- Retailers rely on data to predict trends, forecast demand, and optimize pricing.
- Financial services organizations perform advanced data analytics to drive revenue and margins through operational efficiency, risk management, and improved customer intimacy.
All of these scenarios require vast amounts of data. Regardless of industry or company size, nearly every business is relying on gathering and leveraging data. Being a data-driven organization is an absolute necessity to gain a competitive advantage.
IT is uniquely positioned to have access to a comprehensive set of data which is stored on or passes through the company’s infrastructure. IT, therefore, carries a responsibility to provide end users access to this data, and to play a vital role in its effective use.
Commercial, off-the-shelf (COTS) software—not custom software—continues to be the preferred option for many firms, especially for ERP and CRM solutions.
The benefits of COTS solutions have been publicized widely and revolve around reduced time to deploy, cost avoidance, standards based, best practices included, solution maturity and platform flexibility, to name a few. However, many COTS deployments end up being disappointments, if not failures, once in production. Thus, many of the touted benefits are not being realized.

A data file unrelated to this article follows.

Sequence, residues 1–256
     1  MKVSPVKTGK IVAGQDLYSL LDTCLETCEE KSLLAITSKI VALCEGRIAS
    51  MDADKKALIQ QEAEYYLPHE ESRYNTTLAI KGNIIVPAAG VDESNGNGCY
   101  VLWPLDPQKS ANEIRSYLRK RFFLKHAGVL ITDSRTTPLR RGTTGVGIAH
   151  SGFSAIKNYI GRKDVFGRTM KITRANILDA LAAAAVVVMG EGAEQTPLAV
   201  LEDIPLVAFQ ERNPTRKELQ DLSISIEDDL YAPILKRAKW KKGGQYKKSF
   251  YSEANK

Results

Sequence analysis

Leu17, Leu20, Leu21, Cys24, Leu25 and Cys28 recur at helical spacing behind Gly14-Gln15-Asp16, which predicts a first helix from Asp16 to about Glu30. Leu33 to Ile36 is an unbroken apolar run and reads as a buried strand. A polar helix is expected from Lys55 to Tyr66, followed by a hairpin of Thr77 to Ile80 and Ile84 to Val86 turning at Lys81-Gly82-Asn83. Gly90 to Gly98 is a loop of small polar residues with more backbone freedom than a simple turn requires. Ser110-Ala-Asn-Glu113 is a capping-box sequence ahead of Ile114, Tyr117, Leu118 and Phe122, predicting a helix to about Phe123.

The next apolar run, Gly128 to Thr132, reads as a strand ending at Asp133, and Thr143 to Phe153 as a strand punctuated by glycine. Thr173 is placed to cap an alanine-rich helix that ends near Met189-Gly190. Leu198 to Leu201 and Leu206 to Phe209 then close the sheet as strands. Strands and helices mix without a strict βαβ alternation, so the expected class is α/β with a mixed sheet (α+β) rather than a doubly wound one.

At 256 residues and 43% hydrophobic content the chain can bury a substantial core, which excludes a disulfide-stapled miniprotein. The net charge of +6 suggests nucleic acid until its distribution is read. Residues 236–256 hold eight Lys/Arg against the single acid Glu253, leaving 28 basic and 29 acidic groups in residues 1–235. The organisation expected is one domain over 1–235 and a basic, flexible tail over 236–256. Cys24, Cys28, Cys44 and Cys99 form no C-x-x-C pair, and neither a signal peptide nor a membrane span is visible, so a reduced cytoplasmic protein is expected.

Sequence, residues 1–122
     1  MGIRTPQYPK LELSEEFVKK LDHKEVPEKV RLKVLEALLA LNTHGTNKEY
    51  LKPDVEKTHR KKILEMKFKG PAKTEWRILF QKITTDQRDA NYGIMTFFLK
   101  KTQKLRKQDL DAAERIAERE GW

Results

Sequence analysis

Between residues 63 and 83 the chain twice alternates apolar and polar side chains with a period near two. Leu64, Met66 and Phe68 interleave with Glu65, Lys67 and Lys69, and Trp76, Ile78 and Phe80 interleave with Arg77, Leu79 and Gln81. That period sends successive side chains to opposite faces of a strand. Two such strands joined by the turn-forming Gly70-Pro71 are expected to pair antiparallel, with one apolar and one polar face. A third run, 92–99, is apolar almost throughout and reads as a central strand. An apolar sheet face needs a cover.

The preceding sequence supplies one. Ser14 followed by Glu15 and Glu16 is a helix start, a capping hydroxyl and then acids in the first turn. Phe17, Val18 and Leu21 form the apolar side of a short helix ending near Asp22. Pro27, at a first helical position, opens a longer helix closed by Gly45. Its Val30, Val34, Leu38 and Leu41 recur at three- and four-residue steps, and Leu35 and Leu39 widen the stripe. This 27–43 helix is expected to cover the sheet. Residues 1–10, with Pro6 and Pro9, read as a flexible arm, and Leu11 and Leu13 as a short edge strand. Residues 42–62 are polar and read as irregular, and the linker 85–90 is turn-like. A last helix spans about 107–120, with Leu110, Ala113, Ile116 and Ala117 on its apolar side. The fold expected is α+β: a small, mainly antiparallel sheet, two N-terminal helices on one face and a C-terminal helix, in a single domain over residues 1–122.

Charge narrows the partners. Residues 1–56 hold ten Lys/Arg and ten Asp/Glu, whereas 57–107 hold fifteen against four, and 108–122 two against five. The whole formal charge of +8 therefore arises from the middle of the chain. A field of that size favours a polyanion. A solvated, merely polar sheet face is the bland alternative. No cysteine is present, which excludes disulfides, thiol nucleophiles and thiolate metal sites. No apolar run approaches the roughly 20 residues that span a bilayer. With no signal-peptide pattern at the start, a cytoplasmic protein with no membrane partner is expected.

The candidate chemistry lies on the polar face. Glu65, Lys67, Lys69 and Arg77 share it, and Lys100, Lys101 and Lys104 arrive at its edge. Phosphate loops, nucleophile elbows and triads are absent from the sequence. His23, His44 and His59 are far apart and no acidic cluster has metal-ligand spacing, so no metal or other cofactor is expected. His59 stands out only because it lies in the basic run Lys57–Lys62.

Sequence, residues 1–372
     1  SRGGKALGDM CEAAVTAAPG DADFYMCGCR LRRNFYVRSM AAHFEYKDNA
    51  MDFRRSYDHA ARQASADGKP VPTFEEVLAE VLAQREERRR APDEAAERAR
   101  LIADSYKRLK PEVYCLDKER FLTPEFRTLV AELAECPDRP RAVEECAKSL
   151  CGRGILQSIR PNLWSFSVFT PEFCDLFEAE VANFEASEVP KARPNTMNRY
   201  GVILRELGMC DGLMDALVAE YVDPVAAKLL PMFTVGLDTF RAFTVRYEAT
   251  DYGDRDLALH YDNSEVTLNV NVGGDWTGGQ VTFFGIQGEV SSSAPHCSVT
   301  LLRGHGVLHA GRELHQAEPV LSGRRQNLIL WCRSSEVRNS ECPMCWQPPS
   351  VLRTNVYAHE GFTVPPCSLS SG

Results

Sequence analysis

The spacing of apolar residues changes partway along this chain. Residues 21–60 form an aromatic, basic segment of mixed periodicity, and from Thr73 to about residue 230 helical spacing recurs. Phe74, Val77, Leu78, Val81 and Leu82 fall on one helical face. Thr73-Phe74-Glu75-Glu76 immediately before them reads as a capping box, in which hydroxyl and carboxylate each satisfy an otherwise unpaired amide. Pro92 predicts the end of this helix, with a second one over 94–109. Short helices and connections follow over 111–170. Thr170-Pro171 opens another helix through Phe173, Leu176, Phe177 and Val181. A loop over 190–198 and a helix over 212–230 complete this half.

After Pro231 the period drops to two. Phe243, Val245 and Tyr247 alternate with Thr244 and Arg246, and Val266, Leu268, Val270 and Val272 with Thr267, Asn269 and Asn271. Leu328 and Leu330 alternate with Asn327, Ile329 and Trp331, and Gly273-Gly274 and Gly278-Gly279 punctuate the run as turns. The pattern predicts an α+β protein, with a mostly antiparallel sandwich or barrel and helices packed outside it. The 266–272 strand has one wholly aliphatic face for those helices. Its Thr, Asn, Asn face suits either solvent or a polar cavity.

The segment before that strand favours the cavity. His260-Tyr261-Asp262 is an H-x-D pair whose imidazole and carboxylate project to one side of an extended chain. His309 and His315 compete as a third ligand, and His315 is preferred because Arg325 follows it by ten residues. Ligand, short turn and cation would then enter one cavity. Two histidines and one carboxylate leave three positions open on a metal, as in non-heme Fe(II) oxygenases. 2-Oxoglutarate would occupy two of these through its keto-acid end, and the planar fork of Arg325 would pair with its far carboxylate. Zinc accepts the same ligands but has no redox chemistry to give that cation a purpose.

A critical success factor in a COTS solution deployment is the fit/gap analysis. COTS solutions are not ‘plug and play’, no matter what their marketing materials say. During the fit/gap analysis phase, decisions need to be made about customizations and functional configurations.
A Value Stream Mapping (VSM) workshop is designed to plan process improvements by mapping the current flow of information and materials, generating an ideal future state for that flow, and putting forth a high-level plan to achieve the future state.
Here is a tutorial explaining the process and expected outcomes from a VSM workshop:
Value Stream Mapping (VSM) has its origin in manufacturing, but has been successfully adopted for business processes. Why should IT consider conducting a VSM workshop?